"There is a family back in the United States that's been missing a family member for the last 60 years," Ambassador Larry Dinger, U.S. envoy in Fiji, told the villagers during an emotional ceremony that left villagers teary-eyed.
"Thanks to your effort, this family will now be able to close a sad chapter of their lives, and that's very important," Dinger said.
When the pilot and his single-seat P-39 fighter disappeared during a mission on April 22, 1942, no traces were found despite an aerial search that lasted four days, U.S. officials said.
Some 62 years later, on Aug. 28, 2004, Sailosi Delana and his cousin Paula Cagidomo stumbled upon the wreckage while hunting for wild boar.
Team commanding officer Maj. Albert Tabarez and anthropologist Joan Baker agreed after viewing the site that the pilot could not have survived the crash. His dog tag was not recovered, but personal effects including a ring and a wallet containing a washed-out photo were found, according to locals.
U.S. officials believe they know the pilot's identity, but are not releasing his name or other details until the remains are identified through DNA tests and the family is informed.
Tabarez said the pilot's identity will be confirmed at a laboratory at Hickam Air Force Base.
The Fiji Museum believe the pilot to be:
1/Lt James W Blose (0-427506) of the 70th FS, 347th FG .
Read more: www.facebook.com/pg/fijimuseum/photos/?tab=album&album_id=180694245324100
... See MoreSee Less

1 month ago

We take you back to one of our very early posts which we noticed have generated a lot of interest from our viewers – the discovery of an American military aircraft in Naivucini, Naitasiri.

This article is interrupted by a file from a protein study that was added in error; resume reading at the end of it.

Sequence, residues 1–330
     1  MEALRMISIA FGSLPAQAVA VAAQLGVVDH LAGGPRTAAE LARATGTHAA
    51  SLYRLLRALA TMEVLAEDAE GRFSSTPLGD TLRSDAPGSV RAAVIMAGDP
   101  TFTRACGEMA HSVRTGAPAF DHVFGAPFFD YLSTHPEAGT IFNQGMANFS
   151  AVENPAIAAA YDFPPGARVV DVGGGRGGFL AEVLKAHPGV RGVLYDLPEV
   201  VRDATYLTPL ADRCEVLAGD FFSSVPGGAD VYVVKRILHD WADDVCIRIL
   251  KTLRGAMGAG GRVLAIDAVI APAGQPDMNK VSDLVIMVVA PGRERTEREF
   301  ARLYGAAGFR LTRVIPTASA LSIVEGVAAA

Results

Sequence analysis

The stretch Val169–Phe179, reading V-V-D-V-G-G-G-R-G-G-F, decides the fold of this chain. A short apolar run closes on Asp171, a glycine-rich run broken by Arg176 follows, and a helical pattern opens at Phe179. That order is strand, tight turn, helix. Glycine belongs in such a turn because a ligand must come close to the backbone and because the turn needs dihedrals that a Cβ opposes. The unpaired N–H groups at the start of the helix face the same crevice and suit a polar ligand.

WWII MIA Found in 2004 in Naivucini, Fiji - excavated and taken back to US in 2006.

In mid-2004, a team from the Fiji Museum went to investigate the hills close to Naivucini village of a Bell P39 - Airacobra aircraft, found by a pig hunter whilst hunting...the climb took the team about 3 and 1/2 hrs to get to the site and roughly 3 hrs to get back. Video footage of the wreckage was taken. The US Embassy had made several trips to the wreckage at around the time we were there. Soon after in 2006, after a request from the US Embassy to Joint POW/MIA Accounting Command in Hawaii had a team heading out to Suva.

Taken from Honolulu Star Bulletin 14th July 2006.
SUVA, Fiji. The remains of a U.S. fighter pilot have begun a long journey home from a deep jungle ravine in Fiji, 64 years after his airplane disappeared during a World War II sortie.
A 12-member team from the Oahu-based Joint POW/MIA Accounting Command accepted the remains of the man -- whose identity the U.S. Air Force has yet to reveal -- Wednesday from the residents of remote Naivucini village, on Fijis main island, Viti Levu.
There is a family back in the United States thats been missing a family member for the last 60 years, Ambassador Larry Dinger, U.S. envoy in Fiji, told the villagers during an emotional ceremony that left villagers teary-eyed.